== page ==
Neumann to run for Senate
MILWAUKEE - A former congressman from Wisconsin is throwing his hat into the ring for the Senate seat being vacated by current Democratic Senator Herb Kohl.
"We are going to enter the race for the United States Senate," said Neumann on Newsradio 620 WTMJ's "Midday with Charlie Sykes."
Neumann lost the 2010 Republican primary for governor to the man who currently owns that job, Scott Walker.
He also lost a bid for Senate in 1998 to then-Senator Russ Feingold, a Democrat.
"(Since then,) I think the country has changed. I think it's changed dramatically," said Neumann.
"Barack Obama has continued to run the debts up in our country. He's added 40% to the debt since he took office," Neumann claimed, saying that American people have changed their desires in someone representing them.
"I think they recognize it's time for a balanced budget. I think they're looking for someone who can bring a vision of hope for this country that includes a balanced budget and job creation."
He told Newsradio 620 WTMJ's "Midday with Charlie Sykes" he helped draft a balanced budget plan for the federal government when he was a congressman in the 1990's.
"What we did with the debt ceiling crisis was use it as leverage to get us on a path to a balanced budget."
He says he would have voted no on the current debt ceiling bill that passed Congress, and would have demanded the budget deal before a yes vote on debt ceiling.
Former Wisconsin Republican Governor and U.S. Secretary of Health and Human Services Tommy Thompson has said in recent weeks that he is seriously considering a run for Senate as well.
"The Thompson team welcomes Mark Neumann to the race, and we encourage him to run a race that compliments the Republican Party by remaining focused on the failed leadership of Barack
Obama and Harry Reid," said Darrin Schmitz, a consultant to Thompson in his discernment over a potential Senate run.
"Mark Neumann should use his announcement today to tell his former employees and Washington D.C. allies he will not tolerate additional distortions of Governor Thompson's record."
"Tommy Thompson demonstrated his ability to lead by slashing taxes, creating more than 740,000 jobs, and reforming the welfare and education systems."
In response, Neumann said, "I think the entire state owes him a debt of gratitude of what he's done for this state. This race for me is about a plan to balance the federal budget and bring jobs to Wisconsin and America."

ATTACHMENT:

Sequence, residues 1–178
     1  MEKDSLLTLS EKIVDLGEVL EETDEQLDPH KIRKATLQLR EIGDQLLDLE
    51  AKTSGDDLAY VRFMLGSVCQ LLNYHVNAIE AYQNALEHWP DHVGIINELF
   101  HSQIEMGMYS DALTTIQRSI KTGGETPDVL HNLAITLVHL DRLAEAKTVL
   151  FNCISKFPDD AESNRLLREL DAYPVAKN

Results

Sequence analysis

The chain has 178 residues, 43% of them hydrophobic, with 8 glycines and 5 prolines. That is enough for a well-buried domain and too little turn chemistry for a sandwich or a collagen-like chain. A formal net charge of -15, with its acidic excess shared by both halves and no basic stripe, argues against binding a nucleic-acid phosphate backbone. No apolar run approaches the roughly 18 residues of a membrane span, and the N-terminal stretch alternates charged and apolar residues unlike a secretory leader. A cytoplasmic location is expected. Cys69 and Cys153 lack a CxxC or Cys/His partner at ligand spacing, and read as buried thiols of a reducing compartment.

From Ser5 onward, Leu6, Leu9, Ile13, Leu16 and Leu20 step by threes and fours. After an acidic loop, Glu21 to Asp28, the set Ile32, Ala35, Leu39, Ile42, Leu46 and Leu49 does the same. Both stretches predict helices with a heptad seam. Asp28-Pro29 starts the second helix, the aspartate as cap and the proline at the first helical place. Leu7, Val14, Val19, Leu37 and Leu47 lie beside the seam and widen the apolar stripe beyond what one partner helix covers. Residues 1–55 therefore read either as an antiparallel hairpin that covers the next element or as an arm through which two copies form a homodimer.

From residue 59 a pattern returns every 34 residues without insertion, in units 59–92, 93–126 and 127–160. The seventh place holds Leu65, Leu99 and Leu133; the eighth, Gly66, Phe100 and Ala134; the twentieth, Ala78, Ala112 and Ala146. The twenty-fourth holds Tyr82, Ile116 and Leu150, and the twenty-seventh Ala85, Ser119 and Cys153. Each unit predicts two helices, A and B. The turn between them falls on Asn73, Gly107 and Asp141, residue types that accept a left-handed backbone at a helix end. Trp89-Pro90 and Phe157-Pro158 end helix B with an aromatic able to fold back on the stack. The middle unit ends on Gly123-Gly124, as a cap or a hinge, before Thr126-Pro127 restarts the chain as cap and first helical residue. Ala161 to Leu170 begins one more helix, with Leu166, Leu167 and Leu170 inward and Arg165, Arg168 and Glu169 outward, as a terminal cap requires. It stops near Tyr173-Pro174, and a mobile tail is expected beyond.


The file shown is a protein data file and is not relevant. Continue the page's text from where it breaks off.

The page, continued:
"I'll let Tommy bring his views forth in any way he wants to," he further explained when asked to elaborate on his beliefs regarding Thompson and his position on Obamacare.
"I think we should accept his word when he does present his views."
Then, he spoke about an expected Democratic candidate, Madison Congresswoman Tammy Baldwin.
"I believe our opponent is Tammy Baldwin, and I believe it is essential that we bring Tammy Baldwin's record to the forefront and talk about her support of Obamacare, and the many other liberal things (she supports)."
"Those are the kind of records we need to contrast."
Democratic Party of Wisconsin spokesman Graeme Zielinski made that contrast, and went into Neumann losing previous recent political races, in giving his comments.
"I think Wisconsin voters have rejected Mark Neumann several times before, not because they don't know about his tea party ideas, but because they do," said Zielinski.
"He's an extremeist who is hearing a calling from a very small segment of the population, right-wing talk show hosts and tea-party activists. We know he doesn't really have the solutions to create jobs and make things better for the middle class."
Zielinski did explain that he expected a Democrat to make a formal announcement in a short time about running for Kohl's seat.
"I think it will be soon," Zielinski told us.
"In fact, to be frank, I thought we'd hear something by now. Things are starting to bubble both on our side and on their sides. I think you'll have a pretty strong debate going into next year."
Newsradio 620 WTMJ has requested comment on these recent developments from Tammy Baldwin's campaign office. At the time Neumann announced, she had not officially declared her candidacy for the Senate.